Tuesday, March 9, 2010

February 2010: 999 in Turin

Bush took a lot of heat during his administration, but he's not the only world leader who receives criticism. Turin-based artist 999 knows how to morph a politician's worst qualities into the best form of street art. Armed with his stencils and wheatpasting supplies, 999 covers Italy with social commentary. He writes:
"I started making ‘street art’ with little stickers and stencils in 2005. My old works were uncertain and full of experimentation. Just for fun, I started make stencils and pasteup posters with my friends in my hometown. Afterwards, I looked for my own style and technique. Intrigued by old engravings and illustrations, I found inspiration on the 'net and in old books. Then I take the particulars, reshape them, and mix them with my personal style. I use a lot stencils on paper, so I create posters to pasteup in the streets."
"Now I live in Turin in the north Italy because I go to university there. But my hometown is Termoli, a little city on the coast of the Adriatic sea in the south of Italy. I work everywhere, but most of my posters are on the walls of Turin and Termoli."
"I'm not a collective; I just work by myself. In fact, my production is slow and discontinuous. My real life takes a lot of my time, so I can only work in my free time. However, I have a lot of friends who sporadically help me and I like working with other artists-friends."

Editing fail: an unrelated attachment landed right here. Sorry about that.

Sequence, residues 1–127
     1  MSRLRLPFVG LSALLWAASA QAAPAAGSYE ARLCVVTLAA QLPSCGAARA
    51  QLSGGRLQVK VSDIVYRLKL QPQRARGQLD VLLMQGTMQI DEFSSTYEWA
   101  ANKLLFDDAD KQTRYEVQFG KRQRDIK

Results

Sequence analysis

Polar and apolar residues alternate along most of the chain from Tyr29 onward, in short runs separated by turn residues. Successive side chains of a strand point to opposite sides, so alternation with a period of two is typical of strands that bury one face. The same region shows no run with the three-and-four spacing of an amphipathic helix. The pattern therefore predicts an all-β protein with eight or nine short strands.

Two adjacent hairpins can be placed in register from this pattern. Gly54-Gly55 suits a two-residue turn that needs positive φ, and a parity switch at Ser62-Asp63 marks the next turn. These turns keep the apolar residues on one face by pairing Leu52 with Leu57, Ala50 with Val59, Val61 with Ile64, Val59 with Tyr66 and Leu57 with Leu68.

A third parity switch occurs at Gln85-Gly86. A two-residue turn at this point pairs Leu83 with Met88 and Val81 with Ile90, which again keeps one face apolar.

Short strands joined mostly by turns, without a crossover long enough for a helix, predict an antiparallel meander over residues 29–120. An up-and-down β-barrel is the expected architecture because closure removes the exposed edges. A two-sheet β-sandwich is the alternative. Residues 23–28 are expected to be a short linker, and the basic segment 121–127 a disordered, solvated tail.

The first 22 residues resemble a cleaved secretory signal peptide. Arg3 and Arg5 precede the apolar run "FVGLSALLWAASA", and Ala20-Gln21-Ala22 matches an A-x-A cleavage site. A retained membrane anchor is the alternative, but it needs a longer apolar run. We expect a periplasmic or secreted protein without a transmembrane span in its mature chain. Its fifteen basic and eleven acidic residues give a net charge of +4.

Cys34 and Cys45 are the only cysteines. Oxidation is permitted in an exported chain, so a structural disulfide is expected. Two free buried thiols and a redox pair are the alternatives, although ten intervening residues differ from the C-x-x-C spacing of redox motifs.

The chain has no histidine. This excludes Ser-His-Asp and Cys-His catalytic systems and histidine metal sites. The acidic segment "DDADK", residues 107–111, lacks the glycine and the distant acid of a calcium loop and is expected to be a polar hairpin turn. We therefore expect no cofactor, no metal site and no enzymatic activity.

"I don't know, really don't know. I realize that my present works are different from old one, but I don't know why. I paint in the backyard of my building in Turin; I make posters and then pasteup in the streets. I paint in the night, when people are sleeping, so I can spray peacefully. I like painting on walls but it's hard with big stencil and I must be fast. So I paint on walls when I can, on abandoned places, during exhibition or events, or even on walls with permission."

"One night, I went out with a local artist. He has a poster with a satirical image of Italian politic Borghezio transformed into a kebab (Borghezio and his political party hate foreign and Muslim people). While we pasted up his poster, we were seen by a police car. They stopped us, examined our documents, threw the glue in a manhole and confiscated the poster because they liked it. They didn't destroy it; they confiscated it to paste up in the police station because in their opinion, it is a really fun image."

Grazie, 999! For more interesting wheatpastes, check out his Flickr.

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